Like Father, Like Son Review

Like Father Like Son

Hirokazu Koreeda’s latest in a run of tender explorations of family dynamics rests on a rather unusual high concept, the idea of two children being swapped at birth in a hospital and the error not being discovered until much later. The two children, six year-old boys named Keita and Ryusei, have had very different experiences in their formative years and it is not surprising that Like Father, Like Son touches on the oft returned to theme of nature vs. nurture, but that is not the main concern of this sublime and tender human drama.

Opening with an interview sequence in which Keita is vetted for entrance into a highly exclusive school, we hear Keita relate a rather sweet story of his father, Ryota Nonomiya (Masaharu Fukushima) taking him camping and kite flying. As Keita, Ryota and Midori (Machiko Ono), Keita’s mother and Ryota’s wife, leave the school having seemingly impressed the school judges it is revealed that the story is a lie, something that Keita was told to say when he was prepped for the interview.

Ryota is not the kind of father who takes his son camping. A highly driven architect Ryota has little time for his son and what time he does have is spent pushing him, preparing him for a future career. It’s obvious that he cares for his son but clearly thinks that his role is to ensure that his son is a success. Keita does not quite appear to be his father’s son though – Keita’s is more than happy to not win at everything he sets his mind to and takes pleasure in other’s achievements – and when Ryota finds out that he actually isn’t his son he seems to see another chance.

The other family, who have been bringing up the Nonomiya’s son thinking it was theirs, are very, very different. The father, Yudai (Franky Lily), is a bit of a slob and seems to care little about career aspirations, but he spends a lot of time with his family and puts an emphasis on having fun and shared experiences. As the two families begin to intermingle, they decide to exchange the boys for weekends on a trial basis, each family gets a chance to see a different way of living. Most significantly, in the context of the film, each boy and father gets to experience an alternate relationship.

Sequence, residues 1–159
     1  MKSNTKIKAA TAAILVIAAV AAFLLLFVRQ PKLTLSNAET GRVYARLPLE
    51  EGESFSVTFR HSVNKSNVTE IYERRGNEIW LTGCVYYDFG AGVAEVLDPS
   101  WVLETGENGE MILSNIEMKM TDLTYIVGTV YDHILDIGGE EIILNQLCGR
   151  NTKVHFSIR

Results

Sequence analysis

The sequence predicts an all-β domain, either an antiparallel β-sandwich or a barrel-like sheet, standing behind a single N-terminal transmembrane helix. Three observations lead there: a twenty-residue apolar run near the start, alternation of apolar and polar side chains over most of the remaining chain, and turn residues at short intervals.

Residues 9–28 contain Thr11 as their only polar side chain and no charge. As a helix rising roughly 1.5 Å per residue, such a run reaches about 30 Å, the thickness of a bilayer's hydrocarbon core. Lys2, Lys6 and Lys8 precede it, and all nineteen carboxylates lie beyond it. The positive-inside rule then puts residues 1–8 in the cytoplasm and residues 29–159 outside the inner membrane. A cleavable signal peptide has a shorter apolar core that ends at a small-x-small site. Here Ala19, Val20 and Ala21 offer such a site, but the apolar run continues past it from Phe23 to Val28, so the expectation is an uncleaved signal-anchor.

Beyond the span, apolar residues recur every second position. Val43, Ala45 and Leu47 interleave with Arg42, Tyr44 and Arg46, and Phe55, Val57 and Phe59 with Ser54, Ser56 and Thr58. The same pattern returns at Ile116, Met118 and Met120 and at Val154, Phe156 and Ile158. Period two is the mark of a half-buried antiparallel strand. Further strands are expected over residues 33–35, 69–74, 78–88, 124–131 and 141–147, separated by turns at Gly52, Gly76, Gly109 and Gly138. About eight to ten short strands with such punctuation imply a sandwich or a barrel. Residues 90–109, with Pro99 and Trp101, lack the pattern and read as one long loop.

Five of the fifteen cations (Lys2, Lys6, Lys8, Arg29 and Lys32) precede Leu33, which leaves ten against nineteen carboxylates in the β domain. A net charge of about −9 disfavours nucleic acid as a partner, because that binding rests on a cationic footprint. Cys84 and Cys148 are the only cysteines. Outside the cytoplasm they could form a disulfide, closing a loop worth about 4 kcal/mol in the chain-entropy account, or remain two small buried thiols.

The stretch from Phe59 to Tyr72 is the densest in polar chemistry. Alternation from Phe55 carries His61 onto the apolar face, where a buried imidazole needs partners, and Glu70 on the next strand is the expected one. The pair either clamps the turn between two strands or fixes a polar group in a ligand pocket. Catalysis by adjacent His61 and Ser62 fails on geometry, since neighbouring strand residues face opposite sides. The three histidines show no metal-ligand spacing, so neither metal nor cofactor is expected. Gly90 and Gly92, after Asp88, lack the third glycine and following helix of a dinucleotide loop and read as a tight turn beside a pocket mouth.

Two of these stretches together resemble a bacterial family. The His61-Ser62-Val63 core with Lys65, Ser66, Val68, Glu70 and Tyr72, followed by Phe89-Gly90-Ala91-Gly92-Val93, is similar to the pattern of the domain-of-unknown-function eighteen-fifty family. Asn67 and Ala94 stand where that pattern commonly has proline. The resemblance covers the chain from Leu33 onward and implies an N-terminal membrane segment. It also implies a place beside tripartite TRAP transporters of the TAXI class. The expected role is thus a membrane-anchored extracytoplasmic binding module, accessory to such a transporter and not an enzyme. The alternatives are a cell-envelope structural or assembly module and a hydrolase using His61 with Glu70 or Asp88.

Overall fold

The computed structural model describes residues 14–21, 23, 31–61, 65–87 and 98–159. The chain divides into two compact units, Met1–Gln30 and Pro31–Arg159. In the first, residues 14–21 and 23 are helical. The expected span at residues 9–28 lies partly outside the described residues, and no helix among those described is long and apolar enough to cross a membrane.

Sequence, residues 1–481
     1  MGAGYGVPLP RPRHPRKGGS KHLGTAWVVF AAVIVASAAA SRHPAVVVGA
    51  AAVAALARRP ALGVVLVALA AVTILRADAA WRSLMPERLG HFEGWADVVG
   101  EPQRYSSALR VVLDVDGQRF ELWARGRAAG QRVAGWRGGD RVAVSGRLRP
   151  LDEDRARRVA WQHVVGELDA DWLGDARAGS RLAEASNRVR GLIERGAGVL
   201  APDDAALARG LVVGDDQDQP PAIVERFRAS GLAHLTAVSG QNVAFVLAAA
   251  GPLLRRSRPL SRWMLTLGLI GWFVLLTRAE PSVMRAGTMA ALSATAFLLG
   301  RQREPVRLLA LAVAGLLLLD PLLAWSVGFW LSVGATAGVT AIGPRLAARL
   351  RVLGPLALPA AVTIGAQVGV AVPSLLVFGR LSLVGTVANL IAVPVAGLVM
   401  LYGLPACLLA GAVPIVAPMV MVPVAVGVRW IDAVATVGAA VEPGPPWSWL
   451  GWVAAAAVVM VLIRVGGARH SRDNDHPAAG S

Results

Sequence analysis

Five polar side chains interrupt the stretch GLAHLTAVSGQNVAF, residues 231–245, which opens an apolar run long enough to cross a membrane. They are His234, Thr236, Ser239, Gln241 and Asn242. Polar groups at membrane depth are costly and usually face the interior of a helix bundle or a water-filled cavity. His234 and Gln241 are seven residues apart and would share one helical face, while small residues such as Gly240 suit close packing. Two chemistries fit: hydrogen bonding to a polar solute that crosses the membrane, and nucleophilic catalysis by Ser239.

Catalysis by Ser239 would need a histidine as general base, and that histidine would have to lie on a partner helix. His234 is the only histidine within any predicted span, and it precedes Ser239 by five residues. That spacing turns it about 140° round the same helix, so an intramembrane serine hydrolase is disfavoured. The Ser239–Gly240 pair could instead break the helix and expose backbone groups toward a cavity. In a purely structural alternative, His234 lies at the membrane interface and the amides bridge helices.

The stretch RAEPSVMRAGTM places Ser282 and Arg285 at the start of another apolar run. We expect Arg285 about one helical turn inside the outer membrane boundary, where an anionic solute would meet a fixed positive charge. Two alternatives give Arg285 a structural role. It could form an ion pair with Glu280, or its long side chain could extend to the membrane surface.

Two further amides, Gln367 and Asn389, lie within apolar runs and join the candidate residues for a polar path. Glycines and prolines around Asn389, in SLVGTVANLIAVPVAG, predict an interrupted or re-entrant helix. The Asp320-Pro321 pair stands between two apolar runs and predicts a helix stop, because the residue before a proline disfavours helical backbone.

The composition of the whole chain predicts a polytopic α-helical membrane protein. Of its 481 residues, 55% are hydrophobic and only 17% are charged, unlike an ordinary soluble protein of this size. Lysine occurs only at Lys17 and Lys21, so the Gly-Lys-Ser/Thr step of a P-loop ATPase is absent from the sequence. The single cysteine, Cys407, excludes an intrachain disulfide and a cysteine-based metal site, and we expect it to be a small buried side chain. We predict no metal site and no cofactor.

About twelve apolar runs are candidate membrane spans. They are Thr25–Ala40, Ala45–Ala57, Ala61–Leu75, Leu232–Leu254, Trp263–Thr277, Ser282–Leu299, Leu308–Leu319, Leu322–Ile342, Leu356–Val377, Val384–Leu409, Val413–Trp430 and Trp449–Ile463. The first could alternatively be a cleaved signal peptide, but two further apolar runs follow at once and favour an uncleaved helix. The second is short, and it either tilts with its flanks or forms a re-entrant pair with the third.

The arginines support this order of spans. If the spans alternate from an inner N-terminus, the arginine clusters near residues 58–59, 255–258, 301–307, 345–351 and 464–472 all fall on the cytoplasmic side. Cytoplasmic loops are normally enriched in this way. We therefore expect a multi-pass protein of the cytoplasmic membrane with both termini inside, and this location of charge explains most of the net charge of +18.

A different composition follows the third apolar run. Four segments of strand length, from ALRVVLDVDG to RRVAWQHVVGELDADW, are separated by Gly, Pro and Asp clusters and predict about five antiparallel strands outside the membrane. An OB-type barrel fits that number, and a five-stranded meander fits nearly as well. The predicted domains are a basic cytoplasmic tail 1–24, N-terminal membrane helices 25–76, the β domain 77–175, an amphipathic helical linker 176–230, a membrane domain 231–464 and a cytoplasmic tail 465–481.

The Japanese title of Like Father, Like Son is reportedly something closer to ‘Then One Becomes a Father’ and it is clear from that and what we see in the film’s final scenes that Koreeda leans more towards Yudai’s approach than Ryota’s and the open-ended but also somewhat resolved final sequence involving both families is a hopeful and heartbreaking glimpse into a happier future.

Koreeda continues to excel with Like Father, Like Son in developing a thought-provoking and emotionally engaging film out of delicate observational drama. With unfussy cinematography and an effective use of flowing classical compositions Koreeda has crafted a sublime humanist drama. A masterwork of beautiful simplicity.

This review was originally posted at HeyUGuys.